In general, side effects are more common in younger recipients than older, with the second shot inducing more side effects than the first. Severe allergic reactions to the vaccines are rare: between 1 in 100,000 and 1 in 400,000. In contrast, severe allergic reaction to the antibiotic penicillin occurs in about 1 in 5,000 people. If allergic reaction does occur, vaccination providers have medicines available to effectively and immediately treat the reaction.

What do we know about the vaccines’ long-term safety?

Clinical trials for both vaccines began in summer of 2020, so currently we currently have only a few months of follow-up to vaccine recipients. But with other established vaccines, severe reactions typically occur within days or weeks of administration. Long-term side effects with vaccines are quite rare, and most claimed associations have been debunked by carefully done population-based studies.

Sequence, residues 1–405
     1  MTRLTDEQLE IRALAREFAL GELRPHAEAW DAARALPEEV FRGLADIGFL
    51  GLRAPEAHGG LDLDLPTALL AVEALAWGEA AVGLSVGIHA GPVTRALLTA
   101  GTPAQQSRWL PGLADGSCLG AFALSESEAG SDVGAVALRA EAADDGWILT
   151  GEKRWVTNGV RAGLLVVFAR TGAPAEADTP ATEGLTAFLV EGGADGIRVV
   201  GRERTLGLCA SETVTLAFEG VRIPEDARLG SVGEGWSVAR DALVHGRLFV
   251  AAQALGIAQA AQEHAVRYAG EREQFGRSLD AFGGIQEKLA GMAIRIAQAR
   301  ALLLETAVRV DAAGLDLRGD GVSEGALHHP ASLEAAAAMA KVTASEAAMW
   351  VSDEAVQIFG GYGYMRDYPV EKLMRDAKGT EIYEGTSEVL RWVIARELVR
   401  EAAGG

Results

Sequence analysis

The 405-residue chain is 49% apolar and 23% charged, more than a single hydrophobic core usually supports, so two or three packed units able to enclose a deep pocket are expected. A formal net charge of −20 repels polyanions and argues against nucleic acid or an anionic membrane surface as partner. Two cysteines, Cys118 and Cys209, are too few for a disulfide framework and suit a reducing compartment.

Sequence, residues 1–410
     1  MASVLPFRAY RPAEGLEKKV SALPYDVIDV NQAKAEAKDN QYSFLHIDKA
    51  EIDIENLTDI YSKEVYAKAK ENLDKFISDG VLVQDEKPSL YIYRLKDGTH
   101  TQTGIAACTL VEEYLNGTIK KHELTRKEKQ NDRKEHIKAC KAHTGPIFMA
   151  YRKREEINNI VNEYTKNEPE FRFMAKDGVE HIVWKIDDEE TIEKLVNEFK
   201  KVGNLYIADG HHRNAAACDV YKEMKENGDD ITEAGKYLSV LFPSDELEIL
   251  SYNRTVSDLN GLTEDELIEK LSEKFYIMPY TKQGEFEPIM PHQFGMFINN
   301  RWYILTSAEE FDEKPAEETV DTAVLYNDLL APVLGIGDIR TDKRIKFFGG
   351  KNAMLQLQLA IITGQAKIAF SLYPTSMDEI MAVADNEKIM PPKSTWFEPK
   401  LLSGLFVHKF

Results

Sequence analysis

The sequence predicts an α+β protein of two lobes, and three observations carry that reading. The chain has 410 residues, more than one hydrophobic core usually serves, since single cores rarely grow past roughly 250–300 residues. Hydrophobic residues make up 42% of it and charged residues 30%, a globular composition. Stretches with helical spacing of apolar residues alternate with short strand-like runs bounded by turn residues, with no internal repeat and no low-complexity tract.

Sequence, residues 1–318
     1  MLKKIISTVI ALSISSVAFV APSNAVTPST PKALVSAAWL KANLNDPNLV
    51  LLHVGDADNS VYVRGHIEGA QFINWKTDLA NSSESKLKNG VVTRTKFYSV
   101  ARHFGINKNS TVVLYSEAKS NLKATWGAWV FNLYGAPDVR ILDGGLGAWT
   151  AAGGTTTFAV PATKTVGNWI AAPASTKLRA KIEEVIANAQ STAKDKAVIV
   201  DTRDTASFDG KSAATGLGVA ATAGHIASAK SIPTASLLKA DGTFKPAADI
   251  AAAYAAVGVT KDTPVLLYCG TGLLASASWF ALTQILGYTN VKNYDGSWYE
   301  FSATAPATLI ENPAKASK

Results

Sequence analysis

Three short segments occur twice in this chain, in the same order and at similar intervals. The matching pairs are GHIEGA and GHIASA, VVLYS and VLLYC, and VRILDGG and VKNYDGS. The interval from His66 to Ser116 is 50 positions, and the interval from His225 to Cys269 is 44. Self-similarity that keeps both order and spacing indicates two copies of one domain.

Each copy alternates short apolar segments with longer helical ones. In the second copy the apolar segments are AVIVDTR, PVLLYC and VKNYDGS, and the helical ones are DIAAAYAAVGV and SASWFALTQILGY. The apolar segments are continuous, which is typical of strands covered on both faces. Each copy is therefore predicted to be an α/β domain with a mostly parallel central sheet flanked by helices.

Is one vaccine preferrable to the other?

Both the Pfizer/BioNTech and Moderna vaccines have similar mechanisms of action, safety, and efficiency. The Pfizer/BioNTech vaccine is authorized for recipients of age 16 or older, and Moderna’s for ages 18 and older. Aside from this age difference, there is no group better suited to one vaccine or the other. Both vaccines require two shots.

After someone has received the first shot, the second should be completed with the same vaccine on the recommended schedule if possible (21 days separate the doses with the Pfizer/BioNTech vaccine, versus 28 days with the Moderna vaccine). The CDC now states that if the first-dose vaccine type cannot be determined or is no longer available, any available mRNA COVID-19 vaccine may be given at a minimum 28 days after the first shot.

Should pregnant or breastfeeding women receive the vaccine?

There is currently no evidence that antibodies formed from COVID-19 vaccination cause any problems with pregnancy, fetuses, or fertility. However, potential risk to the pregnant person and the fetus are largely unknown, since these vaccines have not been studied in pregnant people. Studies in pregnant people are planned, and the vaccine manufacturers are following outcomes in people in the clinical trials who became pregnant.